Whereas 'r' is the driver of population growth, so 'K', the carrying capacity of the environment, is the handbrake to limit total population size.
Last August we posted about exponential population growth where a constant rate of population growth, ‘r’, drives bigger and bigger increases in population size to give the classic ‘J’ shaped curve of population size.
While this scenario is usually only theoretical, or reserved for controlled lab experiments, it can be observed in natural populations that grow quickly from a narrow base, such as when a small number of founders colonise a new habitat.
So if ‘r’ is the accelerator of population growth then what acts as the brake to slow down the rate of population growth?
The answer is ‘K’, the carrying capacity of the environment. This expresses itself as limiting factors that cap population size to an upper limit. These limiting factors can be many and varied and may include food availability, or living space, or the availability of mates to breed with. As the size of the growing population approaches this carrying capacity then population growth slows down to generate the distinctive ‘S’ shaped curve of logistic population growth.
As the population size approaches the environmental carrying capacity, one of a number of outcomes may occur:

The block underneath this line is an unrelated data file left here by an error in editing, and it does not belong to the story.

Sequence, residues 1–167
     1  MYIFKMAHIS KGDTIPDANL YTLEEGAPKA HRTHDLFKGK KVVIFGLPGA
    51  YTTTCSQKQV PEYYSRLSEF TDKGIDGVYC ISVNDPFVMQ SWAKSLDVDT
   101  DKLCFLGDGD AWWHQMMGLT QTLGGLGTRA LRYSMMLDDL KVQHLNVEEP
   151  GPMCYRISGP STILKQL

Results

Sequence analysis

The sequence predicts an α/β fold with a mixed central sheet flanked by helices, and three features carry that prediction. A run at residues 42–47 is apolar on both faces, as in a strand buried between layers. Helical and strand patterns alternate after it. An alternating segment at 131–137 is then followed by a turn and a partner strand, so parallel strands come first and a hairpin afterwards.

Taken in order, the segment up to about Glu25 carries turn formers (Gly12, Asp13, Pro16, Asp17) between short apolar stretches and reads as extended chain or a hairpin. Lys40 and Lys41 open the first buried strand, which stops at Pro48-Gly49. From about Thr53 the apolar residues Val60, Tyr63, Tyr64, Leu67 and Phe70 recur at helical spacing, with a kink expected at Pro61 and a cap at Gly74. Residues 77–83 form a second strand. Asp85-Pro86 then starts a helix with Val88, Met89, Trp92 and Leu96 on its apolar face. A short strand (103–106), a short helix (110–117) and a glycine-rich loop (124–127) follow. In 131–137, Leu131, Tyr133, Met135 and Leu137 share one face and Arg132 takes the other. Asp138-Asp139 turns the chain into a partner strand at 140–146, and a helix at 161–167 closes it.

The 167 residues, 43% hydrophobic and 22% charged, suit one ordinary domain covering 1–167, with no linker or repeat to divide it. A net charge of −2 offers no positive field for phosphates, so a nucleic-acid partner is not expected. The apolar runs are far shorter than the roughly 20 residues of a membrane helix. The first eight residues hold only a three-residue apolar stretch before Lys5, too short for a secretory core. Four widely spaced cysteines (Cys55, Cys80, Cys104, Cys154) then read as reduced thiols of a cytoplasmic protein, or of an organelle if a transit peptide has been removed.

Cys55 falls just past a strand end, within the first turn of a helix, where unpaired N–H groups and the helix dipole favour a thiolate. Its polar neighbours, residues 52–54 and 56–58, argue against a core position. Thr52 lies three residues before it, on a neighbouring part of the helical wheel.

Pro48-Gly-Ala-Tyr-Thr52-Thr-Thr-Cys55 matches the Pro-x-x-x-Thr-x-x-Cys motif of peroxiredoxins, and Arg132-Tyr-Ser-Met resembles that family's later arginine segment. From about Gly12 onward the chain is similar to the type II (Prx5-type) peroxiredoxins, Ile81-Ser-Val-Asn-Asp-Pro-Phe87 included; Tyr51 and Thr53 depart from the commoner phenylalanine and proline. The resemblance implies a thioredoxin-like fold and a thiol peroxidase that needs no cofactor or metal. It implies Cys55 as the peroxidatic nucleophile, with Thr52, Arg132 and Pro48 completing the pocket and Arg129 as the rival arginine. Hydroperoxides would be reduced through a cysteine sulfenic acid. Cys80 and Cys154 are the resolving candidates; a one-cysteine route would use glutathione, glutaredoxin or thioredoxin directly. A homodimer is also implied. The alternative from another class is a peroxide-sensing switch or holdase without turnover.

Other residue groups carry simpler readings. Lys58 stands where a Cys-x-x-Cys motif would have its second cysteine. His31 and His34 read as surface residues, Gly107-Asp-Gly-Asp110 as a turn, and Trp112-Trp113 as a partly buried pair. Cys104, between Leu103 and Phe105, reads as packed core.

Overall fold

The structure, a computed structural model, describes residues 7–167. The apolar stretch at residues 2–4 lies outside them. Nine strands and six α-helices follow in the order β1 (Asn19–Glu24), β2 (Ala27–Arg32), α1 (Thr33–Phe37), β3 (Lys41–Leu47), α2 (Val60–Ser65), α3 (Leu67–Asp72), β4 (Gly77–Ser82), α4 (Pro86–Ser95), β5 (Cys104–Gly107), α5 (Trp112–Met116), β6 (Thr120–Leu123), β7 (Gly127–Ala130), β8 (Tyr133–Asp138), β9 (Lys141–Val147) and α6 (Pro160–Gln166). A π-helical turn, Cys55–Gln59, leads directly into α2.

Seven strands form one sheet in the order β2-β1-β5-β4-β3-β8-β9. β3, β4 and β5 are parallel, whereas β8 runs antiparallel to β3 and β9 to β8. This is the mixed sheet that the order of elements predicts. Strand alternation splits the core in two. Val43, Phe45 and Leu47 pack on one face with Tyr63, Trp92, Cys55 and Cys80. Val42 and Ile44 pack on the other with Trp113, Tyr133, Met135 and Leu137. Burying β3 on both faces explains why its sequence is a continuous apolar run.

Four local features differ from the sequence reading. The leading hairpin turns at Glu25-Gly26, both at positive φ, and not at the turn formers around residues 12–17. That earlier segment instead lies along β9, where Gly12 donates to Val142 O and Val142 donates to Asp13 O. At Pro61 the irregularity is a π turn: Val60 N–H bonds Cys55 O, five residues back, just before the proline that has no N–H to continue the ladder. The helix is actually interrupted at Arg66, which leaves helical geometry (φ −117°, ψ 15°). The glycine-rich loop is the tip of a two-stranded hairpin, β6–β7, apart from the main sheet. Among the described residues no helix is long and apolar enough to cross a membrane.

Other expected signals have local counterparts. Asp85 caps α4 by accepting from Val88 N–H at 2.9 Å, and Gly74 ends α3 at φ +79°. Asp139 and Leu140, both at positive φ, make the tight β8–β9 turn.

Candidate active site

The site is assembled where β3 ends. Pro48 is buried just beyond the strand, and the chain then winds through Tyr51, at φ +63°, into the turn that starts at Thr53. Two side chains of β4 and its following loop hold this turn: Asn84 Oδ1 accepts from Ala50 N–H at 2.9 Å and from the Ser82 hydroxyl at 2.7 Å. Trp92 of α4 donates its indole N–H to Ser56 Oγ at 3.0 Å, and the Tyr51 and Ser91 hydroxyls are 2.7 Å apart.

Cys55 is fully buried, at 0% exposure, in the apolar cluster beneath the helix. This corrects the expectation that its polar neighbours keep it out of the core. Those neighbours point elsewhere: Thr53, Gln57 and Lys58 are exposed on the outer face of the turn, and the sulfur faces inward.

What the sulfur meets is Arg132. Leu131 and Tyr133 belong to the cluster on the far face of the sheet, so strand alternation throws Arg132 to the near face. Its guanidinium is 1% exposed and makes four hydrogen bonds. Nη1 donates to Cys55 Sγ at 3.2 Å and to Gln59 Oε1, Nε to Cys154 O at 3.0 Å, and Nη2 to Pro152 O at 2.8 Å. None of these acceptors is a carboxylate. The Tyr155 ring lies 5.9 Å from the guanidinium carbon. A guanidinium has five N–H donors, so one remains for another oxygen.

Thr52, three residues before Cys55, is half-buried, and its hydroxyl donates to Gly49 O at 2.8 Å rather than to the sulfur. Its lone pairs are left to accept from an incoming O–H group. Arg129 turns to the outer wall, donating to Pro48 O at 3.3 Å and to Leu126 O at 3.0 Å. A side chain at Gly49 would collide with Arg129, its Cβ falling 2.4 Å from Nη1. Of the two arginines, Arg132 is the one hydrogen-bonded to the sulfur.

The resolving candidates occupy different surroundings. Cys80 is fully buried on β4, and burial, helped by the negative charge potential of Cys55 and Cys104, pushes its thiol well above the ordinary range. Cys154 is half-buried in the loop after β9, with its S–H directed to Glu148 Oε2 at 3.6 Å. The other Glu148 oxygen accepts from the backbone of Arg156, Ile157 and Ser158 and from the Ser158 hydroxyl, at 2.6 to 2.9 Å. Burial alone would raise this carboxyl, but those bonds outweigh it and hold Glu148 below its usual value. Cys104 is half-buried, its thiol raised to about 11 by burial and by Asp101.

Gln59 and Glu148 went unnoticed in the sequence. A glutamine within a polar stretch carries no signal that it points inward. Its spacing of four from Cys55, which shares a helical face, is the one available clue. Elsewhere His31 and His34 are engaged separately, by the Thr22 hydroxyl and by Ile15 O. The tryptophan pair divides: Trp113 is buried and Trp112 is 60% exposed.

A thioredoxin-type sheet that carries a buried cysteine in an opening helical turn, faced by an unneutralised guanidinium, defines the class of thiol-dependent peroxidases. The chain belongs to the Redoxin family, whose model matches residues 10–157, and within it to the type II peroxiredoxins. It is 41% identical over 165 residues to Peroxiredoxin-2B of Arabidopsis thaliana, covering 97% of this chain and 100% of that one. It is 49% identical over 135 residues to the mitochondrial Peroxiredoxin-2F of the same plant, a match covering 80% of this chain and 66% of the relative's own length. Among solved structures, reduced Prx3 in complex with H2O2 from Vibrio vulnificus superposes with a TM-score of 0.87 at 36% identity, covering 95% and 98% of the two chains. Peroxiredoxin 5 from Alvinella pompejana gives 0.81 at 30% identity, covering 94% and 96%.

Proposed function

The first of these outcomes usually occurs with long lived animals that breed quite slowly, such as cattle on a farm. Unless the farmer can find ways of feeding larger numbers of animals using supplementary feed the farm will support roughly the same size herd from year to year. The global human population is an example of the second outcome. Colonisation of new lands, increased food production and improved medical care, especially leading to higher child survival, has led to a booming number of people on Planet Earth since the Industrial Revolution in the 18th Century that still shows little sign of slowing down after 300 years of runaway growth.
The third outcome is a possibility when invasive animals arrive in a new habitat, such as on an island. Here they may escape from the limiting factors that affect them in their existing habitat, plus they can exhibit exponential growth to skyrocket in numbers. Just such an event happened on Taukihepa / Big South Cape Island off the southern tip of Stewart Island during the late 1950’s when rats colonised the predator free island by getting ashore along a boat’s mooring line then exploded in numbers.
Rat numbers got so high they denuded the forest of undergrowth, they caused the extinction of two species of bird and one species of bat and even took to eating the bedding and the wallpaper on the walls in a hut on the island. Only emergency translocations saved the South Island Saddleback from joining the Bush Wren, South Island Snipe and Greater Short-tailed Bat on the list of New Zealand’s extinct animals. Big South Cape is now free of rats after a successful eradication project undertaken in 2006.
Whereas ‘r’ can be the enemy of pest and predator management while it is a positive number and drives population growth, ‘K’ can be a friend if it is paired up with ‘r’ as a negative number and turned into a sinking lid.
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